The announcement that Pierre Karl Péladeau will run for the Parti Québécois set off a round of hyperbole in Quebec and Canadian media in which no piece of artillery or natural disaster was spared.
The reason is simple: Péladeau is Quebec corporate royalty, the enigmatic, princeling son of a true founder of Quebec Inc., and his star power is meant to lend legitimacy in matters of finance and economy to a party desperately in need of a boost in these realms.
In its 16 months in power, the PQ has paid lip service to the economy, only to find itself faced with two recent studies decrying the deplorable state of Quebec's public finances, and critiqued by no less a stalwart than former leader Jacques Parizeau.
As well, by dismissing last month's loss of 26,000 jobs as "normal," and by tabling another deficit budget it never intended to vote on, Premier Pauline Marois has allowed her two main opponents, the CAQ and the Quebec Liberals, to run away with the economy as the number one issue in their respective campaigns.
But no more, perhaps. Péladeau is the PQ's first salvo on this front.
Nothing less than a mogul himself, he overcame the bankruptcy of the family printing business to transform Quebecor into a cable, wireless and media conglomerate with control over Quebec's largest private television network and big-city newspapers, mostly in the Sun Media chain, that stretch right across the country.
And his arrival serves to placate a much bigger, much older concern for the sovereignty movement — the notion that independence is simply not economically viable.
Having a big business gun like Péladeau onside goes some way to arguing the contrary, even if his presence includes its own set of aftershocks.
A little bit of everything
Since his candidacy was announced on the weekend, Quebec's social media has been abuzz with Péladeau bric-a-brac, including comparisons to Italy's media mogul-politician Silvio Berlusconi and photo-shopped rebranding of the PQ as the "Parti Quebecor."
The convergence of big business and politics often generates suspicions. In this case, the PQ's embrace of Péladeau seems to have put an end to any idea that it is a progressive party.
Since the days of René Lévesque, the Parti Quebecois has traditionally been aligned with the union movement in Quebec. But as well as being a titan of industry, Péladeau is renowned here as union-buster.
The FTQ, Quebec's largest labour federation, has already said that Péladeau is among the worst employers in Quebec, and that his record 14 lockouts should be taken as proof that he is not an asset for the party.
Mind you, both of the province's big unions parted ways with the PQ on the charter of values as well.
And given Marois's many calculated moves of late — from the election timing to backing energy exploration in the Gulf of St. Lawrence — you have to wonder sometimes how the PQ has managed to maintain the perception that it is progressive for so long.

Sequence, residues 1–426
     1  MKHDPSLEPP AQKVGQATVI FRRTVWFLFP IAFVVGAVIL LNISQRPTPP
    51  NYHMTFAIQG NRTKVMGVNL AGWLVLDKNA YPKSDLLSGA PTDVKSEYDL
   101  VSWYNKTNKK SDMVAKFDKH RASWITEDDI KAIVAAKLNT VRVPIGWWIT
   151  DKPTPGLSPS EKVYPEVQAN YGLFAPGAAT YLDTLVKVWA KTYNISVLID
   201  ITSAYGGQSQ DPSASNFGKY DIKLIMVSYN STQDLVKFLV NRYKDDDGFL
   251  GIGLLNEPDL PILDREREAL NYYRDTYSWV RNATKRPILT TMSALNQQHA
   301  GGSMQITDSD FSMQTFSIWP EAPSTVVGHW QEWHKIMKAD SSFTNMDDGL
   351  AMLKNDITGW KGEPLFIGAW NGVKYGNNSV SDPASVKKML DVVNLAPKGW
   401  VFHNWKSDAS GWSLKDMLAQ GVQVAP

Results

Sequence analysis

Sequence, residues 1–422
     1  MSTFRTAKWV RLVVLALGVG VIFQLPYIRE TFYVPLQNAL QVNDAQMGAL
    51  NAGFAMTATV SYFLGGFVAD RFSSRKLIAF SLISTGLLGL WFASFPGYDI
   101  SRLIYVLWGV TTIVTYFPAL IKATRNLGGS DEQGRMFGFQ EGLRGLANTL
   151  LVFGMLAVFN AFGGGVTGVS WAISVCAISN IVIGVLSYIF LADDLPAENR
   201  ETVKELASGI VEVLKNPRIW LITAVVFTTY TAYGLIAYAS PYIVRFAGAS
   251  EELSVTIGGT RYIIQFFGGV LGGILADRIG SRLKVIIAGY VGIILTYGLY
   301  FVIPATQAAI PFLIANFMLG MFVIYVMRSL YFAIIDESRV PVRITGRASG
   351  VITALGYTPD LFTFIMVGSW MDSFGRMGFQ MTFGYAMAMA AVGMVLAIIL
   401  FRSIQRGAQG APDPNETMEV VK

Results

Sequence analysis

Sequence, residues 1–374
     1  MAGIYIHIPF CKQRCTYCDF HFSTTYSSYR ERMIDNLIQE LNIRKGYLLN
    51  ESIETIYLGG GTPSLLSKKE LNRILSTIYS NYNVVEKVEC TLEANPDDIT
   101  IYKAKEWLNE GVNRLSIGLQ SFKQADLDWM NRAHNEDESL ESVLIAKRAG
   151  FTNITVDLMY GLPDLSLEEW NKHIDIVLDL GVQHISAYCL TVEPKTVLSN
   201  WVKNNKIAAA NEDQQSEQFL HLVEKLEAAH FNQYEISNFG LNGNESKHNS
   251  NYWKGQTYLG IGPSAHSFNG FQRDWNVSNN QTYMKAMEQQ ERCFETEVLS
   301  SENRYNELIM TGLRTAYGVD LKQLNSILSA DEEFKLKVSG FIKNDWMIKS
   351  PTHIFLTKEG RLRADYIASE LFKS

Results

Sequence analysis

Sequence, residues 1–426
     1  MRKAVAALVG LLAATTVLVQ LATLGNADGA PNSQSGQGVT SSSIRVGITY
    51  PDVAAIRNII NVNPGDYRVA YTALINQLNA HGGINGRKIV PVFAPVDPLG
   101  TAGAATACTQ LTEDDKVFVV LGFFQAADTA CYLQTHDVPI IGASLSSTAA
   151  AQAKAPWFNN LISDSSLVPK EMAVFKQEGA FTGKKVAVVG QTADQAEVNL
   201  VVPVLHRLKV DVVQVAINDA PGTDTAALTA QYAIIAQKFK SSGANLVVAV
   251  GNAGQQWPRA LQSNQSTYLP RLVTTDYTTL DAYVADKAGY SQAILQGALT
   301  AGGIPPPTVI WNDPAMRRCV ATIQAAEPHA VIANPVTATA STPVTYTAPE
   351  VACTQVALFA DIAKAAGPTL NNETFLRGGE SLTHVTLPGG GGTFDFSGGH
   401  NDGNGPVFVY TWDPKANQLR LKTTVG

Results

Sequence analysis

If nothing else, the PQ is starting to look a lot like the Quebec Liberal Party, or even the Coalition Avenir Quebec: like a weekend newspaper, there's a little bit of everything for everyone. Including a Pierre Karl Péladeau
An independent mind
But Péladeau is not someone you can just tuck away in a corner.
He is somebody who uses up a lot of oxygen in a room and it is in this regard that his candidacy may well become a liability.
For example, his sudden and overt dedication to sovereignty on the weekend runs counter to the way the government has been playing that card.
To date, the notion of independence/separation/another referendum is an election hot potato. Yes, the PQ is a separatist party, and independence is an intrinsic part of its platform.
But members of the present government are wily enough to know that most Quebecers aren't interested at the moment, a fact that was confirmed by a CROP poll on Monday that found 61 per cent of Quebecers do not want independence now.
So far, the PQ has tried to shy away from making sovereignty a campaign issue. Instead, Marois has moved more strategically, paving the way with the promise of a white paper to study the issue, and stating that a referendum will only be held when the time is right.
Péladeau, however, ended his speech on Sunday, fist raised high in the air, saying that he's joined the PQ to make Quebec a country.
It was one sign that having someone not used to taking orders, or even being a team player, as your star candidate may well prove to be a more troublesome factor than expected.
Meanwhile, the wave of media speculation has yet to crest. Among them, that a man of his stature doesn't enter the political fray without certain guarantees. He must have been promised a ministry, maybe finance; he could even become leader, his charisma easily overshadows Marois and the most prominent contenders, some have ventured to say.
That's an awful lot of conjecture regarding a candidate completely untested in politics. Conjecture, mind you, is something a Quebec Inc. star of Péladeau's stature has been surrounded with virtually his entire life.